imageOne of the great joys of going to school in the 60s was the Scholastic Book Club.  Every month or so, you'd get a list of books, all available for dirt cheap prices, even for the time -- sometimes as little as a quarter (when paperbacks were 50-75 cents).  And in among the various books I picked up was the wonderful, Mr. Pudgins, by Ruth Christoffer Carlsen.

When I read it, the book was marketed as being similar to Mary Poppins. The idea was simple.  Mr. Pudgins would come by to babysit for John, Pete, and Jane. At some point, he would sit back and smoke his pipe* and then magical things would happen.

For instance, John, Pete, and Jane would meet their mirror images who came out of the mirror to play -- and didn't want to go back.  The water faucets would have running soda, bathtubs would fly, and cars would turn into motorboats.

The stories were written in a very matter-of-fact style as the kids first were delighted by the new changes, but then discovered they weren't unmitigated successes.  It's not a book with a lot of action, but plenty of wonder.

This was the first novel for Carlsen (age 90 and living in Iowa City, IA). It took her 14 years before she published another, Henrietta Goes West, and wrote several more before disappearing (though she is still writing).

The book is hard to find, and I'm afraid the pipe smoking means it may never be reprinted.  That's a shame, since a book this wonderful deserves to be remembered.


*This was before the Surgeon General's Report.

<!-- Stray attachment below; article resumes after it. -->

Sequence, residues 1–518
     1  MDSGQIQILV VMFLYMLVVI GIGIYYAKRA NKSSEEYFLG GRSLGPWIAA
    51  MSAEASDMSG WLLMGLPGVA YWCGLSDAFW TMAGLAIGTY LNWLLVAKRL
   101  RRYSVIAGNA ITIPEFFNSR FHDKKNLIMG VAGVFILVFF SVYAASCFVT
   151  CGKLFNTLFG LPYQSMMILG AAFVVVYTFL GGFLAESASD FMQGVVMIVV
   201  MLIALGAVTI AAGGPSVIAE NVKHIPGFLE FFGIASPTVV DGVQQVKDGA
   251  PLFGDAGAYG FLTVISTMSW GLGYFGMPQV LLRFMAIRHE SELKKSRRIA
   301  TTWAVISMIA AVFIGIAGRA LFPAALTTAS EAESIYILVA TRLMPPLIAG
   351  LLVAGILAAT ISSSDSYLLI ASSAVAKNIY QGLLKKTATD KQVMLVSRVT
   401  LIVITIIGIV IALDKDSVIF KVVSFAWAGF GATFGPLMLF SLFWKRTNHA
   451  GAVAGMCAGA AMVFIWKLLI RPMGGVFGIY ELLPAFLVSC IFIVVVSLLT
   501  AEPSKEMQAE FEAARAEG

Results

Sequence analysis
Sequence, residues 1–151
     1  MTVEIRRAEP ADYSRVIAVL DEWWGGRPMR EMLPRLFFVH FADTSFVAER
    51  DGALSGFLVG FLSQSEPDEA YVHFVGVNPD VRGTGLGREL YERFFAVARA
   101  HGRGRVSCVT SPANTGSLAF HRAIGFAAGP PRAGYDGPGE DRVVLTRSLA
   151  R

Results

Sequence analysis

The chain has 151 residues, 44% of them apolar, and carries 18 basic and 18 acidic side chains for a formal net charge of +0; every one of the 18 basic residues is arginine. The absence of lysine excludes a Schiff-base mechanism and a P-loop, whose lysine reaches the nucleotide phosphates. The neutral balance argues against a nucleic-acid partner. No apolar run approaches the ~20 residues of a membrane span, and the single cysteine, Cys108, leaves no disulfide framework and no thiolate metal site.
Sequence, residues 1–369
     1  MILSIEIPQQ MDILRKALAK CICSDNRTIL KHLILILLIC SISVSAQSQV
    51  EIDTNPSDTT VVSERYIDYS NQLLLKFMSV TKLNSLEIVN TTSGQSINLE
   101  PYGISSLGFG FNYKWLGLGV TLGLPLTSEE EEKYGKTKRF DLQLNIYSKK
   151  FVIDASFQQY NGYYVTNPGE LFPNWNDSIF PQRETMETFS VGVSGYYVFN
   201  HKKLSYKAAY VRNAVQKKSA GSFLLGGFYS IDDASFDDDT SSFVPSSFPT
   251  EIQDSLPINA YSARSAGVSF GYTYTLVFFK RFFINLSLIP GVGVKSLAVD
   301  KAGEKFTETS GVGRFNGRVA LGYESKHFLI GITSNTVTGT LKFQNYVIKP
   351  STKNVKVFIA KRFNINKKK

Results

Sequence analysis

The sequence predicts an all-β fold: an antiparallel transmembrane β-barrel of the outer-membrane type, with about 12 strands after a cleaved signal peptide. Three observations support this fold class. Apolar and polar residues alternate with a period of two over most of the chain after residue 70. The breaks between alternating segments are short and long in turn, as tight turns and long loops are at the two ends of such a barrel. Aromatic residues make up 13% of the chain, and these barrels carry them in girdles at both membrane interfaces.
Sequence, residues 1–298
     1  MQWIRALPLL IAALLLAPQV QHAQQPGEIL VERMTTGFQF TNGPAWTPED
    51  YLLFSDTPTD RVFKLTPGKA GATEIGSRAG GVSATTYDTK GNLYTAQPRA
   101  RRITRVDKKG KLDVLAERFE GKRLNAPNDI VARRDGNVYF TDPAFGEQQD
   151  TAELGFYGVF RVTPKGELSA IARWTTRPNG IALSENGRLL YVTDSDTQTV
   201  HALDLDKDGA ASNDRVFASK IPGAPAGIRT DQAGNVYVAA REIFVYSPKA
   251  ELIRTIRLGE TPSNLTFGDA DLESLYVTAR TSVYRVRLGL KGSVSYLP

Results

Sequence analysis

Monday, November 3, 2008

Phase IV

Phase IV Directed by
Saul Bass
Written by Mayo Simon
Starring Michael Murphy, Nigel Davenport, Lynn Frederick
IMDB Entry

Every film fan is familiar with the work of Saul Bass, even if they may not know it.  He made his reputation by designing some very striking movie posters.  But Bass moved on from there to be a title designers and is considered the genius in creating title sequences.  Before he came along, titles were static affairs, a card showing the name of the movie and its stars.  Bass turned things around with a more dynamic style that was the beginning of the modern title sequence.  Bass's titles included moving text, stylized graphics, and many innovative techniques still in use today.  Some of his credits include The Man with the Golden Arm, Around the World in 80 Days, Vertigo, North by Northwest, Psycho, Goodfellas, Casino, and many others.

But like everyone in Hollywood, Bass wanted to direct (especially something that lasted more than five minutes).  So, in 1974, he directed the film Phase IV.

The film is ostensibly a horror film, but there's much more to it. Dr. Ernest Hubbs (Nigel Davenport) discovers a new breed of ant in the desert, one that seems to be developing sentience.  Worse, they have figured out a way to destroy their enemies and may be moving to destroy their biggest enemy of all -- man.

He takes James Lesko (Michael Murphy) and Kendra Eldridge (Lynn Frederick) to and experimental station to study them to find a way to defeat them.  But they don't want to be defeated and soon they are trapped by a hive mind that may be smarter than they are.